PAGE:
Behind On Bills: Which Loans Should You Let Go?

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teaching kids the value of a dollar

Do your kids understand the value of money? Do they know that it takes hard work to earn the money you use to keep a roof over their heads and put food on the table? One thing I wanted to be sure my kids understood was that money isn't easy to come by. If you want something, you will have to work for it. So, what are the best ways to teach your kids the true value of a dollar? My blog is all about teaching kids of all ages about hard work and how it pays off. Hopefully, you will find everything here useful and can help your child learn that with a little hard work, anything is possible.


Behind On Bills: Which Loans Should You Let Go?

18 November 2015
 Categories: Finance & Money, Blog

If you've recently fallen behind on some of your monthly bills and see no income increases in your near future, you may wonder whether there are any options that can allow you to preserve your credit rating while offloading certain debts. You may also be weighing the consequences of not paying certain bills to determine which payments should be prioritized. While stopping payment on certain debts can provide you with the financial breathing room you need, there may be some unexpected consequences. Read on to learn more about the credit impact of various types of defaults, as well as what you can do to help keep your credit intact. 

Which missed payments hurt your credit the most?

When prioritizing your debts, you'll first want to make sure the basics are covered -- food, clothing, and shelter, This usually means making sure your mortgage or rent is paid in a timely manner, as well as taking steps to create a small stockpile of nonperishable food and weather-appropriate clothing for your family. If you have any IRS liens or other debts that allow the government to garnish your wages, paying these off as quickly as possible should also be a priority.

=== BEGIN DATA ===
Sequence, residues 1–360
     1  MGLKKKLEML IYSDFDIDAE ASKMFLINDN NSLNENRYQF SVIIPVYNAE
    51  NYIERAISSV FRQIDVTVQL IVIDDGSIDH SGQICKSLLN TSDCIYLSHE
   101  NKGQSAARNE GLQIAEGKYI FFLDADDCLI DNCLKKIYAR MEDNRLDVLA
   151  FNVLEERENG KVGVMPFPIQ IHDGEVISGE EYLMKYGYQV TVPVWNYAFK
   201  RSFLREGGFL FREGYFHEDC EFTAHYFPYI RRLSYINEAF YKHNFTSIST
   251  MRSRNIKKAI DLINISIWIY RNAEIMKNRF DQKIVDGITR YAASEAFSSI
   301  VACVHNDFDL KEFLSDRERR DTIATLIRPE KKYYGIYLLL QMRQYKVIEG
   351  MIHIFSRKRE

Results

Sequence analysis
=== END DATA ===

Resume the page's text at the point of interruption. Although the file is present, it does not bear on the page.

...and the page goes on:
Next, you'll need to focus on other secured debts (or debts that are attached to a piece of tangible property), like car loans. Having access to a reliable vehicle can be key in maintaining or increasing your income, and defaulting on a car loan when you owe more than it is worth could make you ineligible for future loans until your credit score has recovered. If you have student loans, they may also be subject to stringent repayment terms that can make defaulting an unsavory option.

Your last priority should be unsecured debts, like credit cards, as these can be easily discharged in bankruptcy and often carry high interest rates that make full repayment all but impossible. Although having these debts reported to the credit reporting bureau can damage your credit score somewhat, the impact won't be nearly as great as that experienced through foreclosure or auto repossession.

What can you do to keep your credit intact when dealing with an income crunch?

If you don't like the option of defaulting on any of your debts, you may still have a few choices. For those who still have good credit, refinancing unsecured debts into personal loans can provide you with a smaller monthly payment and a more competitive interest rate while eliminating the need to pay multiple credit cards due on multiple dates.

You may also be able to tap into your home's equity through a home equity loan (HEL) or line of credit (HELOC). These loans allow you to draw against the equity in your home by receiving a lump sum (HEL) or letting you write checks against your home equity (HELOC) while paying only a minimum monthly payment. Once the HEL or HELOC term has ended, any remaining balance will be rolled into your mortgage at a low interest rate.